Boxoffice Magazine’s reports of the seating capacity of the Chieftain differ. The December 22, 1951, issue said that it seated “about 730,” while the December 29 issue gave the figure as 750.

According to the April 25, 1966, issue of Boxoffice, Barton Theatres operated the Chieftain until that year, when all 18 of its houses were leased to a newly-formed company called Greater Oklahoma City Amusements, headed by Chicago exhibitor Lewis L. Ingram.

The September 9, 1974, issue of Boxoffice says that the Chieftain was being taken over by Okemah Shanbour. By 1975,it was being operated by Eldon Claybourne Christian, the one who was arrested for showing the movie “Sexual Customs in Scandinavia.”

I’ve been unable to find out when the house was twinned. The last mention of the Chieftain in Boxoffice is from 1976.

Joe Vogel
Joe Vogel commented about Gaiety Theatre on Apr 28, 2009 at 11:35 pm

I notice that the unreadable vertical sign appears to be partly draped, as though they might have been working on it. I wonder if this was the time the Gaiety name was adopted for the house? It’s also possible they were getting ready to remove the vertical. It was certainly gone by the time Robert McVay took this 1947 photo (previously posted.)

The movies on the Optic’s marquee were both released in 1938. According to IMDb, the Dick Powell movie “Hard to Get” was released in November and “Orphans of the Street” in December. I don’t think the Optic was a first-run house any more by this time, but the latter movie appears to be a “B” picture of the sort that went to sub-run houses pretty fast, so if IMDb’s dates are right then the photo could date from late 1938 or early 1939.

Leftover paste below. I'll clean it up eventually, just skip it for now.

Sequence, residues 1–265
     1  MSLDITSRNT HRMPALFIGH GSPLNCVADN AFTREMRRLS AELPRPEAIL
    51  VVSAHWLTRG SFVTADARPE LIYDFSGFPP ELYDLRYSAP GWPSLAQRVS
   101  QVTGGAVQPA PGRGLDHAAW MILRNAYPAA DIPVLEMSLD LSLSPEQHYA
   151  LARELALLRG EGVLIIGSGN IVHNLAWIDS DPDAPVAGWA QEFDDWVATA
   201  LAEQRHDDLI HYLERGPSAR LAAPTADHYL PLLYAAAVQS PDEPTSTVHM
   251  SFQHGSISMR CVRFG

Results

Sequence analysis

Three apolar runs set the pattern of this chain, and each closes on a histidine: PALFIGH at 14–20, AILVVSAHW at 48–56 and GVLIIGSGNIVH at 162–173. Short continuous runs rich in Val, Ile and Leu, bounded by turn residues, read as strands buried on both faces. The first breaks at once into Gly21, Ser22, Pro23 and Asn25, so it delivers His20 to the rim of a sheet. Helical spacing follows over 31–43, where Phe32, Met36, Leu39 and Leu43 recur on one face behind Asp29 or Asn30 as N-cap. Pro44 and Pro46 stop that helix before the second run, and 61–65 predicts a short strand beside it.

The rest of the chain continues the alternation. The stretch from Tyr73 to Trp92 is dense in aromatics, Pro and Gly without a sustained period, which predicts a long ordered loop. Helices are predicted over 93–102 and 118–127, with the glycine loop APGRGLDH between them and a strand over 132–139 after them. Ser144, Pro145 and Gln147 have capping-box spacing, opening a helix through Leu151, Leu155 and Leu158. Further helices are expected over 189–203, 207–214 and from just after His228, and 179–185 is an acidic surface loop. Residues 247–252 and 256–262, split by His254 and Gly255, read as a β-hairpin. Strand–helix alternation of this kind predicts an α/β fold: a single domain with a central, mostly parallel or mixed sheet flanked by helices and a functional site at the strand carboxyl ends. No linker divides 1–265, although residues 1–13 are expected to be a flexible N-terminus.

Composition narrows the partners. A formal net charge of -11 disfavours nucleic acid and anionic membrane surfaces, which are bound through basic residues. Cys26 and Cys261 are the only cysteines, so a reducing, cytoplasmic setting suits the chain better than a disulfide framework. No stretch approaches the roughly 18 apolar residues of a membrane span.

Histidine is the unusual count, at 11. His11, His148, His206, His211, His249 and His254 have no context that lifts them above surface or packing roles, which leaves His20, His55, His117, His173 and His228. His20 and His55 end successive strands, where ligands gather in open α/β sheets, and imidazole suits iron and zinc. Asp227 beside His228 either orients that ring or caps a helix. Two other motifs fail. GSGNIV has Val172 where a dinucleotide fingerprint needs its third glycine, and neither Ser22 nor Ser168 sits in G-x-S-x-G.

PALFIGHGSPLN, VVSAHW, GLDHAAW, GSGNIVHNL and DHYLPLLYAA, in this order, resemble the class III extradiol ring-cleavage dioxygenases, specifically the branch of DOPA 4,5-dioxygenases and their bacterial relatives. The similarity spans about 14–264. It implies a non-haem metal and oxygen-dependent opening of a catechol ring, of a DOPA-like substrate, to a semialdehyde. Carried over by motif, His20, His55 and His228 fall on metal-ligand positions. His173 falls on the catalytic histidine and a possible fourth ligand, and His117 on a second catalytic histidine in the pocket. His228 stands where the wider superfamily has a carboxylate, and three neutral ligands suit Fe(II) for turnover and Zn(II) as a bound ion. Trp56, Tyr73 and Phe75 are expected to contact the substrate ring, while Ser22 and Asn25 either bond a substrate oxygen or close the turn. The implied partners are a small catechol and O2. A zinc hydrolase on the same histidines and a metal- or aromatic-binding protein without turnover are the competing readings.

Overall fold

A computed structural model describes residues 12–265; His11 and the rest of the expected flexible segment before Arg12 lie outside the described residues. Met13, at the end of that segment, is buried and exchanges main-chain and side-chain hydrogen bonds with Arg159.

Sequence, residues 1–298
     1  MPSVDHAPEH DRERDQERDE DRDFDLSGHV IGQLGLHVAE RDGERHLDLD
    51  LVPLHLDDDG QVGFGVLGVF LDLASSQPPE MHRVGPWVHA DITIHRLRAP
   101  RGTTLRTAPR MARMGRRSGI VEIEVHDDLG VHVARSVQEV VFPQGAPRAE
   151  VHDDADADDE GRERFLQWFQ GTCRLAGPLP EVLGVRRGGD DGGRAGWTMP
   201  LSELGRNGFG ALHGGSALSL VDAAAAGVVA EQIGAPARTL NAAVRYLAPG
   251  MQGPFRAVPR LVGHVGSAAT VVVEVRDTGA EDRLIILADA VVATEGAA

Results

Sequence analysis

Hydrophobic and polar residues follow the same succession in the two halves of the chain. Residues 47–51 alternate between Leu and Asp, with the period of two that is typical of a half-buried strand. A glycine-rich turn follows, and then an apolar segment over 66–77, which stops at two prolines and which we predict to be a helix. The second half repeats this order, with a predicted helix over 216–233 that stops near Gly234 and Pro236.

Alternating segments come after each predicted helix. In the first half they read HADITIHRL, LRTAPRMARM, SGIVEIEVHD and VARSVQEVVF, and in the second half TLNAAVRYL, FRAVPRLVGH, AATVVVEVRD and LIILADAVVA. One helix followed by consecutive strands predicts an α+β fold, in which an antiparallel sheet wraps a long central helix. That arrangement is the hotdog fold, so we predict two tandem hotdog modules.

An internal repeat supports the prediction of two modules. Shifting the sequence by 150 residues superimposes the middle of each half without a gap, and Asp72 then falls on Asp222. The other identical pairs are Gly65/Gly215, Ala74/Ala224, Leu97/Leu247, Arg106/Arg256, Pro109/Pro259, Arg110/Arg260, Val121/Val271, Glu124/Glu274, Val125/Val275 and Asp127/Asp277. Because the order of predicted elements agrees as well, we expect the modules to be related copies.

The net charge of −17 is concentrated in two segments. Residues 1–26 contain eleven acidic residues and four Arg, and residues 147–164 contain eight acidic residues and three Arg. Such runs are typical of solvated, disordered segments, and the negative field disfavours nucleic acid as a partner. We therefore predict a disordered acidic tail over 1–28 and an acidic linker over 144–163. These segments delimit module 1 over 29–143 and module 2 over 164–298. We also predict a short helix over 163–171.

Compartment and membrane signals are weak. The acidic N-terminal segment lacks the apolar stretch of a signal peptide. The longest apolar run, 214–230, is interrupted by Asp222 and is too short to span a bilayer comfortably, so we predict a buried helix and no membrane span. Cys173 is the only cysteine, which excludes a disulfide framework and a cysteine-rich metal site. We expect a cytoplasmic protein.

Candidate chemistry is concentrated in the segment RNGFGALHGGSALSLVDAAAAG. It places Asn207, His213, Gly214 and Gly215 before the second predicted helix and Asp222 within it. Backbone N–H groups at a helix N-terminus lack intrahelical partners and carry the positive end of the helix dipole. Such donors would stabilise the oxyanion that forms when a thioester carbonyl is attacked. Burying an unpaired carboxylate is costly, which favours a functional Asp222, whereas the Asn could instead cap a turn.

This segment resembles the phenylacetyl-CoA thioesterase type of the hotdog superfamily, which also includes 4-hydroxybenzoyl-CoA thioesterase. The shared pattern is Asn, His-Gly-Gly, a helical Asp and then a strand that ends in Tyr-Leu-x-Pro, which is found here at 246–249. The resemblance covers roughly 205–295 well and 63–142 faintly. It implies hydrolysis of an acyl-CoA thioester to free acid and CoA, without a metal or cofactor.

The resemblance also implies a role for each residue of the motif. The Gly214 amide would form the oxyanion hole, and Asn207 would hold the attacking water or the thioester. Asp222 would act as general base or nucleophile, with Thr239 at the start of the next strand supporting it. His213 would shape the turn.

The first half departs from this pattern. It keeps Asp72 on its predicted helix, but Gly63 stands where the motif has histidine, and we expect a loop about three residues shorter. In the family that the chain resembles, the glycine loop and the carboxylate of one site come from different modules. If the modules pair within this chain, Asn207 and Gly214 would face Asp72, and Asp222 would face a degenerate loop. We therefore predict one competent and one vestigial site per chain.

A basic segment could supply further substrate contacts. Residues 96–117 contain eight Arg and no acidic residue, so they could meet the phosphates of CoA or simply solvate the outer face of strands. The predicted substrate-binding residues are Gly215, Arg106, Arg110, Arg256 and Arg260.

Joe Vogel
Joe Vogel commented about Empire Theatre on Apr 28, 2009 at 12:50 am

The earliest mention of the Empire Theatre I’ve been able to find in Boxoffice Magazine is from the August 20, 1938, issue, in an item headed “Naify Brothers Acquire Duo From Mrs. Knacke.” It says:[quote]“Lee and Fred Naify, brothers of Mike Naify, manager of the T&D jr. Circuit, have acquired the two theatres in Placerville which Mrs. Ruth Knacke has been operating for some time. J.R. Saul, San Francisco theatre realty broker, handled the transaction.

“The houses are the 600-seat Empire, which may possibly be renovated, and the 300-seat El Dorado, which, dark for some time, is expected to continue closed under the Naify direction.”[/quote]I’ve found nothing later about the El Dorado, so perhaps it never reopened, but the Empire appears to have been operated by the Naify interests into the 1950s. Then by 1963 it was owned by an A.J. Longtin, who was planning a renovation of the house, according to Boxoffice Magazine of September 2 that year.

Joe Vogel
Joe Vogel commented about Roosevelt Theatre on Apr 28, 2009 at 12:10 am

Wait, not that one. This one, which is a drawing of the block, undated, but from the 19th century.

Joe Vogel
Joe Vogel commented about Roosevelt Theatre on Apr 28, 2009 at 12:03 am

The building the Roosevelt would later occupy part of was already there in 1882, if the L.A. Library has this photo dated properly.